Stories

Flowers are giving this community the opportunity to bloom

Business has been in full swing for members of ChildFund-supported communities in Ecuador in the lead up to Valentine`s Day. It is peak season for flower production and exports, and I was lucky enough to visit some of the communities last week and see them in action.

Ecuador, along with Colombia, is among the world`s largest flower exporters. During this time of the year, the local industry exports approximately 30 per cent of its yearly production to America and Europe.

Today, Santa Rosa de Patutan, a village in southern Ecuador has transformed into a community of dynamic farmers who produce mainly roses and carnations for export to the United States, Europe and Russia. Though, the future did not always look this bright.

Twelve years ago, the community had no running water, no sewage treatment, no schools and not one health centre.

Jose Manuel Yaule (pictured) is one of the leaders behind the change. With no education other than what he calls “the university of life”, he began helping his community by assisting the construction of a water system with the support of ChildFund. Today, the system has transformed into the local water company, a service and business run entirely by the community.

That was the first step toward his venture into the flower business.

After much research, Jose established his own greenhouse as a pilot. After realising that their village had the capacity to produce high-quality carnations and roses for exporting, he replicated his model by teaching the whole community.

“I remember back in 1994, children here were very sad, very poor, hungry, no shoes, no school. I was thinking all the time about work opportunities for parents, who were mainly peasants without any hope and lots of alcohol problems,” he says.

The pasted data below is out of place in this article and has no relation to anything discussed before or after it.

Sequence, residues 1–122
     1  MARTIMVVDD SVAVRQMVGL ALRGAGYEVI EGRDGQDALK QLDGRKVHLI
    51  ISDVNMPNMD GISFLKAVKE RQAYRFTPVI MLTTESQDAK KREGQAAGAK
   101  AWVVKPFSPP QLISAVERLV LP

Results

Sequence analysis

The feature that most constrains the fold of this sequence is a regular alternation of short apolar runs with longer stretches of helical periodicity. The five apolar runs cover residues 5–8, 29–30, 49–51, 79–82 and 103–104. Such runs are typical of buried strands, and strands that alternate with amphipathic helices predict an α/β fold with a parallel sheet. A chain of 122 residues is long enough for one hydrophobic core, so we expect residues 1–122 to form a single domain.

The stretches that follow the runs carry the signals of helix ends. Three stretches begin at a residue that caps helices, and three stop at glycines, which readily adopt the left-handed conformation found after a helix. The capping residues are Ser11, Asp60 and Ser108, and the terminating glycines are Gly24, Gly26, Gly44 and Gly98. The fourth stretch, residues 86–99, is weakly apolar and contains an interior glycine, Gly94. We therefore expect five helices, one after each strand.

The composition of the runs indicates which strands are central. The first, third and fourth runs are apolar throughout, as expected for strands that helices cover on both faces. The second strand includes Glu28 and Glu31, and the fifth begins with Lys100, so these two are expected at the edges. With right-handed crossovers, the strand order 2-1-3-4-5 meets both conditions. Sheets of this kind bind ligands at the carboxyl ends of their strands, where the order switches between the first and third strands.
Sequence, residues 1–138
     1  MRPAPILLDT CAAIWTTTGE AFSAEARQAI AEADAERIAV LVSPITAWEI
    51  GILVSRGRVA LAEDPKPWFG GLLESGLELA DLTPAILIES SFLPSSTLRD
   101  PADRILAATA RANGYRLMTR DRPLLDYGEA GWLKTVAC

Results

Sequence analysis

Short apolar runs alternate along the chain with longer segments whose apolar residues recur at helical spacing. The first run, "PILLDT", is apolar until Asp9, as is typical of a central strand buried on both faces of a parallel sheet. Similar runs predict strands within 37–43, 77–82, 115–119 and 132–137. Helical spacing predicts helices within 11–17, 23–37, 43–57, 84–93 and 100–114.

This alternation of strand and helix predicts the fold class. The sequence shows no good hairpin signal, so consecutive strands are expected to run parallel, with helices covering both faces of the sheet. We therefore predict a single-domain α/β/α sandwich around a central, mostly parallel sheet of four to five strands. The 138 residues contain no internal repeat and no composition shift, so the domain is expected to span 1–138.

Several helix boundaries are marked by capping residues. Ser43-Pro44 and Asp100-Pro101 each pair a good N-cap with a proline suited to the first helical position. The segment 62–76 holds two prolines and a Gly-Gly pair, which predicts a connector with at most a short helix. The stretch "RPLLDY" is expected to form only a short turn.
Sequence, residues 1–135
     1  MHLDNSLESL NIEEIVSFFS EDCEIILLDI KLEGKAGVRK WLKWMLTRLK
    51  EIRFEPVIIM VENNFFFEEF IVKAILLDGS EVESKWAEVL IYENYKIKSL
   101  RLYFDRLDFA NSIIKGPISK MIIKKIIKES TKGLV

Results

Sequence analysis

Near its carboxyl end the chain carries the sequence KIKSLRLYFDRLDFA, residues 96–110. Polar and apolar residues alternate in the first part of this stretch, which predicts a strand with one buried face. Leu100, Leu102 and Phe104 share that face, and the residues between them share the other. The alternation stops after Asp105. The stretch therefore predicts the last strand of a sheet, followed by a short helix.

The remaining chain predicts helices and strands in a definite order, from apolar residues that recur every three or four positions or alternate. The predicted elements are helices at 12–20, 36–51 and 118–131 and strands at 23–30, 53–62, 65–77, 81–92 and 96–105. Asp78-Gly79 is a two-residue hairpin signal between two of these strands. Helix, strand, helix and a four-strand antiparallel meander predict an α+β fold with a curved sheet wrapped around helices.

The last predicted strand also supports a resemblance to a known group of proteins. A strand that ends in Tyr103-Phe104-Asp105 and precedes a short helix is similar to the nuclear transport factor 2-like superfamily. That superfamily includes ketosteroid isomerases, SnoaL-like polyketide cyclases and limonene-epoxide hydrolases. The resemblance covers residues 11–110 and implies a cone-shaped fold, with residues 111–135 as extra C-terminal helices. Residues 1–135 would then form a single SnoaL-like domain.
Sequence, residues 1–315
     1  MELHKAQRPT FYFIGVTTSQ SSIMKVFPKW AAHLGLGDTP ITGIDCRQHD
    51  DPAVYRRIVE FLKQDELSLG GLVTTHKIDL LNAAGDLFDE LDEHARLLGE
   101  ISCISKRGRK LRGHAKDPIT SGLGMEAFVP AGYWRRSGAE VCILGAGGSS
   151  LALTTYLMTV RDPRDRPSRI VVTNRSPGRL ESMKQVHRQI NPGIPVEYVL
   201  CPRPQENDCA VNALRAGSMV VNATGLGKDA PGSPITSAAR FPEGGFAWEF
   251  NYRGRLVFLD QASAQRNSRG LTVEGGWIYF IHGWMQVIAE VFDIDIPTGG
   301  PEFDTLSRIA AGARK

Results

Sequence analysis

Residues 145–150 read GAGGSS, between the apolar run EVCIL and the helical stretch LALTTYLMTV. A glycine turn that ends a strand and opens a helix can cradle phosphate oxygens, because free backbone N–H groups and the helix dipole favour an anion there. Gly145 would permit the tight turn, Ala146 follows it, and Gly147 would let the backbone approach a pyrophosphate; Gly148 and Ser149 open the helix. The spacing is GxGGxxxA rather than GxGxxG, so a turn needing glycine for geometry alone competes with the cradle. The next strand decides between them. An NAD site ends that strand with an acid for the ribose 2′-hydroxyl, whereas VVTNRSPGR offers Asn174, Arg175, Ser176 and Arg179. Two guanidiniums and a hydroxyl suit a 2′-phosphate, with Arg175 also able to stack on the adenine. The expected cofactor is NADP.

“Now I see children and I can`t even recognise them. Sometimes I think they are from another town, so educated, so well-dressed, so happy and healthy!”

The flower business has indeed brought colour, joy and progress to this small community. Jose may not have been educated, but his five children are  two of his children have graduated from university, two of his children study music at The Conservatory and his youngest is pursuing a degree in economics.

His dream is for everyone in this community about 400 families to have the opportunity to be small business owners. Continued water supply, agricultural technical support and financing are essential to making this a reality.

In 2008, the community with assistance from ChildFund also created their own credit union to provide farmers with support. The credit union now has 780 members and assets of about US$1 million providing loans for land, supply and machinery. The credit union is well-managed under the supervision of Monica, a woman who was sponsored through ChildFund as a child and who, after finishing university, decided to come back and work for the development of her own village.

This community keeps dreaming and growing, just as the flowers do. Thanks to the support of buyers all around the world every Valentine`s Day, more children are playing and learning in better schools, while their mothers and fathers continue cultivating the seeds of change in their community.

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